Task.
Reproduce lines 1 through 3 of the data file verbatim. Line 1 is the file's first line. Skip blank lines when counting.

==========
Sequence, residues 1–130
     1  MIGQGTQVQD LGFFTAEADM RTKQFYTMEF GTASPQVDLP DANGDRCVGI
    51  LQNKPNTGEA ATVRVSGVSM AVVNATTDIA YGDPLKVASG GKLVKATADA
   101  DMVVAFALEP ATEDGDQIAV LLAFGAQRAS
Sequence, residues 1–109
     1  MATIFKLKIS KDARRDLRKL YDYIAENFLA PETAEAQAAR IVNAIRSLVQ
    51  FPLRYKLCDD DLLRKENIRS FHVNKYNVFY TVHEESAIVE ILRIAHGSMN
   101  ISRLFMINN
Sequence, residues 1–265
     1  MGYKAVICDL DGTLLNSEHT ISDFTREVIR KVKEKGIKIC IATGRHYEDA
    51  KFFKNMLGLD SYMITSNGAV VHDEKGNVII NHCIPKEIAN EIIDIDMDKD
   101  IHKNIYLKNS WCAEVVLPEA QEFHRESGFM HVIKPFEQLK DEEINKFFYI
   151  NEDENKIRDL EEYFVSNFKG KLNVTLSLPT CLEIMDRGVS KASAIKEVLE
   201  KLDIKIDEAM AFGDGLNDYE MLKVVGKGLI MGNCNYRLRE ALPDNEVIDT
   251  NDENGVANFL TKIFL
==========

Sequence, residues 1–130
     1  MIGQGTQVQD LGFFTAEADM RTKQFYTMEF GTASPQVDLP DANGDRCVGI
    51  LQNKPNTGEA ATVRVSGVSM AVVNATTDIA YGDPLKVASG GKLVKATADA